Destination: Lowcountry

Y’all knew that wouldn’t take long, right?

For starters, we love to travel. We log hundreds of windshield miles a year, with all five of us in our little Mazda 5. Since our girls were small, we’ve taken them everywhere with us. Our girls go with us to see Grandpa at the cabin in the Northwoods of Wisconsin. We go to see Gramps in the lower part of the great mitten. Lots of family in Chicagoland. Upper peninsula. DC. And the Great Smoky Mountains.  But the one place that we just can’t get enough of?

The South Carolina Sea Islands.

When we cross the border into South Carolina on I77 near Fort Mill, I feel a calm come over me. When we get off of I95, it becomes excitement. And when I get into Beaufort, a feeling of contentment washes over me. It drips off of the trees alongside the moss that provides canopy over the roads. The antebellum homes welcome me back, as they’ve done with countless visitors over the past three hundred years that since Beaufort was settled.  I even get excited to see the Publix on Lady’s Island.  This is the place that provides the calm that can even overcome the mayhem.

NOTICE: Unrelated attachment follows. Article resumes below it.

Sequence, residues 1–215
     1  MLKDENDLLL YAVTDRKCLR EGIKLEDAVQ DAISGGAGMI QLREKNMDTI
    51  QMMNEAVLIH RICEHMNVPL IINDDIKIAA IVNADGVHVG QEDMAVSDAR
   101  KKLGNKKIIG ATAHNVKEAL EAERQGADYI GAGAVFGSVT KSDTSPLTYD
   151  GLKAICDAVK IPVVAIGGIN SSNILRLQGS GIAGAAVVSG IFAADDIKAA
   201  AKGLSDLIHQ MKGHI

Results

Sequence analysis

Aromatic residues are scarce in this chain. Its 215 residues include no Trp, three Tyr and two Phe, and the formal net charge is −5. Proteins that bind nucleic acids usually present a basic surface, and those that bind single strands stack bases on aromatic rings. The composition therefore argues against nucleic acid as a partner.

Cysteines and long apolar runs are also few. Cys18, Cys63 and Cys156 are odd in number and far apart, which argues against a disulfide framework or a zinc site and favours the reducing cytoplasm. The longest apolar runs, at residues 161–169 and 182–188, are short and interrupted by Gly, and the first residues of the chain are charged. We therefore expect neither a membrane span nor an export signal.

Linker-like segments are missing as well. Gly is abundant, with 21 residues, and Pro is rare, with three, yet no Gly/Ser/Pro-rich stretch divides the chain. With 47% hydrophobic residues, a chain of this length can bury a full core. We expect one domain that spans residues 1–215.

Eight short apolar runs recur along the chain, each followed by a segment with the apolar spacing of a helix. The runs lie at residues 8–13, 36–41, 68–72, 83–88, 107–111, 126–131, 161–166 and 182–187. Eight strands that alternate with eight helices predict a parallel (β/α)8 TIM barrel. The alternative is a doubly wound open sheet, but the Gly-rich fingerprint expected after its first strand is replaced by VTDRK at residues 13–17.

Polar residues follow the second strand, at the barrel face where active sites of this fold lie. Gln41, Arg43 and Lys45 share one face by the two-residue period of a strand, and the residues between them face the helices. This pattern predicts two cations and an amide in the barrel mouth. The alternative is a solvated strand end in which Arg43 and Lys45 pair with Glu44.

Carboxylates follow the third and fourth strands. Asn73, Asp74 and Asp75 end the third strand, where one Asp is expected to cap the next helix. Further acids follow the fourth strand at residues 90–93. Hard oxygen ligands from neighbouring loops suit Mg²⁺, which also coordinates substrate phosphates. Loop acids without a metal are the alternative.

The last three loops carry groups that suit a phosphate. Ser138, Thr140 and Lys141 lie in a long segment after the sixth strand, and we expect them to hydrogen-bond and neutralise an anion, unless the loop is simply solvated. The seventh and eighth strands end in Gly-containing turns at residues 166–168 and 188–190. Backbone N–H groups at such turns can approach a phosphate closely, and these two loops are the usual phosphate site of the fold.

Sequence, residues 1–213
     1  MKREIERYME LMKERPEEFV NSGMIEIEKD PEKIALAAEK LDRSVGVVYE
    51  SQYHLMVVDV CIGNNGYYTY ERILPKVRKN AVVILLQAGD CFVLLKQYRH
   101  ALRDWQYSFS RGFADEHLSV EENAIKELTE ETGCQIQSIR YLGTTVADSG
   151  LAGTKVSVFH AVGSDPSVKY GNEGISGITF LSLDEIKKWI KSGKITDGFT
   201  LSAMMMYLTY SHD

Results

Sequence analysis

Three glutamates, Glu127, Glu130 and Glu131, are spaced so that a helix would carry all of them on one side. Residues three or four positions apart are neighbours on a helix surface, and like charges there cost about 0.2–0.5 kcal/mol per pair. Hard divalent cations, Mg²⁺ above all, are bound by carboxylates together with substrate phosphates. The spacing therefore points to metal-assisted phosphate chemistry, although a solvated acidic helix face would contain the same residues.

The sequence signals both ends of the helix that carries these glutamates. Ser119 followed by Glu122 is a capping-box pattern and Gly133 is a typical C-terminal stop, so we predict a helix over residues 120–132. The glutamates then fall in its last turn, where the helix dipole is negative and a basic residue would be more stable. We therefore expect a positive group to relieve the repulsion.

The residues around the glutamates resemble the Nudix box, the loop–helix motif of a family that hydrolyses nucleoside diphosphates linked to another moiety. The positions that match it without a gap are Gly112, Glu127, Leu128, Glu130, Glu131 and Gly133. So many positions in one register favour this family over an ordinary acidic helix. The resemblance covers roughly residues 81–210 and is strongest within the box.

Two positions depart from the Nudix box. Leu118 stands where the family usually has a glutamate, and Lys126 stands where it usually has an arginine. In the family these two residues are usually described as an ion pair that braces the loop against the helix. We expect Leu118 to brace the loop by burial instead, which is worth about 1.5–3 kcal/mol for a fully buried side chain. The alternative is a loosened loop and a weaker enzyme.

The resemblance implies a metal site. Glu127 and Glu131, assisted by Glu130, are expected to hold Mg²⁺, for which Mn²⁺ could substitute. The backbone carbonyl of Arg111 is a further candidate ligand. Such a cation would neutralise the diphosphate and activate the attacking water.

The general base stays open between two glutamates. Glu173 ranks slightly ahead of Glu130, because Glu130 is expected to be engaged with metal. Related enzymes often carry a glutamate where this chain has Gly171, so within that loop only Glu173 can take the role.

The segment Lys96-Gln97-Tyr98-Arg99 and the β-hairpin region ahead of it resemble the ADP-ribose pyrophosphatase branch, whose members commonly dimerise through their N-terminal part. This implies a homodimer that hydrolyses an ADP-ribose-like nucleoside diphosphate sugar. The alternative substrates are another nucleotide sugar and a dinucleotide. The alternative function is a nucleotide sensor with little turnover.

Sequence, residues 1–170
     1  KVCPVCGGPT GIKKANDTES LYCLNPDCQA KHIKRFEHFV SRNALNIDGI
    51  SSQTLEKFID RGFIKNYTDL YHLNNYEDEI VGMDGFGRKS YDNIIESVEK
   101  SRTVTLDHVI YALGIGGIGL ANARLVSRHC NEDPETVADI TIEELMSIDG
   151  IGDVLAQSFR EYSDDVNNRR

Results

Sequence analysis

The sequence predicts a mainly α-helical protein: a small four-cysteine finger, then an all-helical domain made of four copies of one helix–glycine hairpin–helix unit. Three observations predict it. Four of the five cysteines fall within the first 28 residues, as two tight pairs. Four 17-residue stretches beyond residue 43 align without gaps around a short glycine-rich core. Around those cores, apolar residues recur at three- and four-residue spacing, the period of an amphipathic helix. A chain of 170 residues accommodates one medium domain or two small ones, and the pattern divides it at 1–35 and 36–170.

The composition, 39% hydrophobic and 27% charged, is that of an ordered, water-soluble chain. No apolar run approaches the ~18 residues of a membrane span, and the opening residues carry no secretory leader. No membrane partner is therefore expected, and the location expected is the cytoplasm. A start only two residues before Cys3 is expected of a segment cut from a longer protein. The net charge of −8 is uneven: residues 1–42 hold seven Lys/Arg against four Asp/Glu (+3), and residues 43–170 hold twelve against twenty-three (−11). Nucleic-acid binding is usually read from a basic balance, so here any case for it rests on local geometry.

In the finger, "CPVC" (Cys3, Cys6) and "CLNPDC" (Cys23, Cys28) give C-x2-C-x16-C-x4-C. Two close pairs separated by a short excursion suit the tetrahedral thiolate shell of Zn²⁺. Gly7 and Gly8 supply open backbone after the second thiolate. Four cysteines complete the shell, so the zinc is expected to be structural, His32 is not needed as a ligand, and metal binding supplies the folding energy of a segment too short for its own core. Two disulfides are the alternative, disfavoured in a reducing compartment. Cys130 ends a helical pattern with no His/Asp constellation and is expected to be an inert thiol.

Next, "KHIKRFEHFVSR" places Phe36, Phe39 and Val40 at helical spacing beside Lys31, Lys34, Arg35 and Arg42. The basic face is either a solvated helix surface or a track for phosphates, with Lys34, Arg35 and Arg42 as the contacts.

My girls love this place as much as I do. This really isn’t a surprise, though. Miles of clean, sandy beaches. Beautiful weather, and a locale that feels, for lack of a better term, real. You can still find Gullah culture, even today. You come across reminders of Robert Smalls; a gentleman born into slavery, who went on to become a decorated soldier, statesman, and congressman. In fact, you can’t move without tripping over history.

On July 9, 2016, you’ll find myself and my beautiful bride renewing our vows for our seventeenth anniversary. Right here, at the Old Sheldon Church Ruins.

Sadly, I can’t find the quote that I’m looking for, which I believe was another Pat Conroy quote, but this one will do, as it’s proven accurate for me, thusfar.

“Charleston has a landscape that encourages intimacy and partisanship. I have heard it said that an inoculation to the sights and smells of the Carolina lowcountry is an almost irreversible antidote to the charms of other landscapes, other alien geographies. You can be moved profoundly by other vistas, by other oceans, by soaring mountain ranges, but you can never be seduced. You can even forsake the lowcountry, renounce it for other climates, but you can never completely escape the sensuous, semitropical pull of Charleston and her marshes.”
Pat Conroy

Tidal Marsh on Hunting Island

At the end of the day, when she says good night, I feel full. From my heart out.

I can’t help but look forward to the next day.